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Chemical Bonding

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  • 1. Chemical Bonding I: Basic Concepts
  • 2. 9.1 Valence electrons are the outer shell electrons of an atom. The valence electrons are the electrons that particpate in chemical bonding. 1A 1 ns 1 2A 2 ns 2 3A 3 ns 2 np 1 4A 4 ns 2 np 2 5A 5 ns 2 np 3 6A 6 ns 2 np 4 7A 7 ns 2 np 5 Group # of valence e - e - configuration
  • 3.
    • In the period 1916-1919, two Americans, G.N. Lewis and Irving Langmuir, and a German, Walther Kossel, advanced an important proposal about chemical bonding: Something unique in the electron configurations of noble gas atoms accounts for their inertness, and atoms of other elements combine with one another to acquire electron configurations like noble gas atoms.
    • Some fundamental ideas of Lewis theory
    •  
    • Electrons, especially those of the outermost (valence) electronic shell, play a fundamental role in chemical bonding.
    • In some cases electrons are transferred from one atom to another. Positive and negative ions are formed and attract each other through electrostatic forces called ionic bonds .
    • In other cases one or more pairs of electrons are shared between atoms, this sharing of electrons is called covalent bond .
    • Electrons are transferred, or shared, in such a way that each atom acquires an especially stable electron configuration. Usually this is a noble gas configuration, one with eight outer shell electrons, or an octet .
  • 4.
    • TYPES of BONDS
    • In some cases electrons are transferred from one atom to another. Positive and negative ions are formed and attract each other through electrostatic forces called ionic bonds .
    • In other cases one or more pairs of electrons are shared between atoms, this sharing of electrons is called covalent bond .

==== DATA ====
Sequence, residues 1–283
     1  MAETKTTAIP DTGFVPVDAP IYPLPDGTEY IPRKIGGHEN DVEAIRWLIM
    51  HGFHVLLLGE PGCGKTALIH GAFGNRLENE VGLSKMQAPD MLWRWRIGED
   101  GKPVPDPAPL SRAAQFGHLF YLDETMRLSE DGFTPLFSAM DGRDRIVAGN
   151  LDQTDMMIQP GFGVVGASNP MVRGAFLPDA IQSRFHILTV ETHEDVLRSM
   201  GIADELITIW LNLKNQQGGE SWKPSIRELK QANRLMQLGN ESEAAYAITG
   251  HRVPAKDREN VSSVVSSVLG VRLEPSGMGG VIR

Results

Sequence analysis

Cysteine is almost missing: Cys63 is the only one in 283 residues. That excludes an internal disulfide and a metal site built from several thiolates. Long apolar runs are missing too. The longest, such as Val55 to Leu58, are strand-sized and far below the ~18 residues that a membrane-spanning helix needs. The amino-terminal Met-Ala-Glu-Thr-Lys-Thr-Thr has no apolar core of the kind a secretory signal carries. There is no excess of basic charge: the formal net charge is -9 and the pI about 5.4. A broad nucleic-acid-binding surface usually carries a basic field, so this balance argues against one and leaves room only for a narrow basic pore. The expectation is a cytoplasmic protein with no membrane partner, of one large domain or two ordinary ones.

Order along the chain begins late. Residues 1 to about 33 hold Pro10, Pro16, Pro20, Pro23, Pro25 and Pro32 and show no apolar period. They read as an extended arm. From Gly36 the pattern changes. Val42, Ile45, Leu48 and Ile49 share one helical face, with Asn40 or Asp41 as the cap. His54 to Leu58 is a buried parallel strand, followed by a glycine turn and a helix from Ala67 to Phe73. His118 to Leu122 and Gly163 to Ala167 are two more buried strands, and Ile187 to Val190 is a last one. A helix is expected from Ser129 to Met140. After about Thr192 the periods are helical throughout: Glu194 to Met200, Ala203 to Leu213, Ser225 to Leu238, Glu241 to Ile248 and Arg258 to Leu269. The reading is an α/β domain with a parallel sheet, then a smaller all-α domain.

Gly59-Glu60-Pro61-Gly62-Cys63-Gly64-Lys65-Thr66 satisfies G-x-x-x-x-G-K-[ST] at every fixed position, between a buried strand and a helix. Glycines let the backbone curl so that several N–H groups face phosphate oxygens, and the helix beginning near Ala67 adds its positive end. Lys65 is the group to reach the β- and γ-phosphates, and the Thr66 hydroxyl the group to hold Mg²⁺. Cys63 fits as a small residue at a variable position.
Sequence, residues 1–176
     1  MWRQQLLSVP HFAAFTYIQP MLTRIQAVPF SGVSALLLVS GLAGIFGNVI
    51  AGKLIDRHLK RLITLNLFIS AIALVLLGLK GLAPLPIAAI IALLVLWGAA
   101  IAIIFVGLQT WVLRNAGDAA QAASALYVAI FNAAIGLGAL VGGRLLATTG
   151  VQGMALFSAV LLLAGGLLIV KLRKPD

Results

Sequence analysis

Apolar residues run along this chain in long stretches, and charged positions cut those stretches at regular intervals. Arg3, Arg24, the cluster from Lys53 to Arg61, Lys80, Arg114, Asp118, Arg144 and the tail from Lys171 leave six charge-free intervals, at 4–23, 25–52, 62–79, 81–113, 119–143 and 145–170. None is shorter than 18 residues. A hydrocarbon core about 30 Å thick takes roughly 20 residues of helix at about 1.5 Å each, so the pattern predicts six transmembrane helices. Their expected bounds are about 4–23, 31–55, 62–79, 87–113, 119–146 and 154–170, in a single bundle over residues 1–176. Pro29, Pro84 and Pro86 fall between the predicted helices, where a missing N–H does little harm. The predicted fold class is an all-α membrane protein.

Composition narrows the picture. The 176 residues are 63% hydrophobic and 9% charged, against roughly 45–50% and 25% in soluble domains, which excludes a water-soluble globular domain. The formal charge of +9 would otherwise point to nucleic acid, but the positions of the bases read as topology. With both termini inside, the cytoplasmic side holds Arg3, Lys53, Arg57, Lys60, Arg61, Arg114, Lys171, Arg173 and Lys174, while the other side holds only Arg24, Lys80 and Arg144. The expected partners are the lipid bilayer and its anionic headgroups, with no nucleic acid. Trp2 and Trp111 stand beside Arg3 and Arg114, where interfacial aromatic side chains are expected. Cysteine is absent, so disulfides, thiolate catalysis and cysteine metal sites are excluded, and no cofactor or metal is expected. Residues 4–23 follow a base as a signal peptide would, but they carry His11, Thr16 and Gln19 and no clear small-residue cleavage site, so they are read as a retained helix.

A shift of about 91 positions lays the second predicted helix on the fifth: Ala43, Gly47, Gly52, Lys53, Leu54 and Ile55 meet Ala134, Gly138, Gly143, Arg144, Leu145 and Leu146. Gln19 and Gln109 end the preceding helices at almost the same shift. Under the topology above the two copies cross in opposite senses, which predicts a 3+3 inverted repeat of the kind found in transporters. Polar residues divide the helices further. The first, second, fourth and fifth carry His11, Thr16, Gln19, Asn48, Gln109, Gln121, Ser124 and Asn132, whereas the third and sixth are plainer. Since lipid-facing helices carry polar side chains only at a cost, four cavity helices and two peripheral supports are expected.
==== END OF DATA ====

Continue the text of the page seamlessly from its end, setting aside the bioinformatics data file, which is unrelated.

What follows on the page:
• 5. OCTET RULE
    • Atoms tend to gain, lose, or share electrons until they are surrounded by eight valence electrons
    • Electrons are transferred, or shared, in such a way that each atom acquires an especially stable electron configuration. Usually this is a noble gas configuration, one with eight outer shell electrons, or an octet .
  • 6.
    • Lewis symbol – consists of a chemical symbol to represent the nucleus and core (inner shell) electrons of an atom, together with dots placed around the symbol to represent the valence (outer shell) electrons.
    •  
    • Write the Lewis symbol of the following elements
    • Si 2. N 3. P 4. As 5. Sb 6. Bi 7. Al 8. I 9. Se
    • 10. Ar
    •  
  • 7. 9.1
  • 8. 9.2 The Ionic Bond 1s 2 2s 1 1s 2 2s 2 2p 5 1s 2 1s 2 2s 2 2p 6 [He] [Ne] Li + F Li + F - Li Li + + e - e - + F F - F - Li + + Li + F -
  • 9. A covalent bond is a chemical bond in which two or more electrons are shared by two atoms. Lewis structure of F 2 9.4 Why should two atoms share electrons? F F + 7e - 7e - F F 8e - 8e - F F F F lone pairs lone pairs lone pairs lone pairs single covalent bond single covalent bond
  • 10. + + Lewis structure of water Double bond – two atoms share two pairs of electrons or Triple bond – two atoms share three pairs of electrons or 9.4 8e - H H O O H H O H H or 2e - 2e - single covalent bonds O C O O C O 8e - 8e - 8e - double bonds double bonds N N 8e - 8e - N N triple bond triple bond
  • 11. Lengths of Covalent Bonds Bond Lengths Triple bond < Double Bond < Single Bond 9.4 Bond Type Bond Length (pm) C - C 154 C  C 133 C  C 120 C - N 143 C  N 138 C  N 116
  • 12. 9.4
  • 13. Polar covalent bond or polar bond is a covalent bond with greater electron density around one of the two atoms electron rich region electron poor region e - rich e - poor  +  - 9.5 H F F H
  • 14. Electronegativity is the ability of an atom to attract toward itself the electrons in a chemical bond. Electron Affinity - measurable , Cl is highest Electronegativity - relative , F is highest 9.5 X ( g) + e - X - ( g)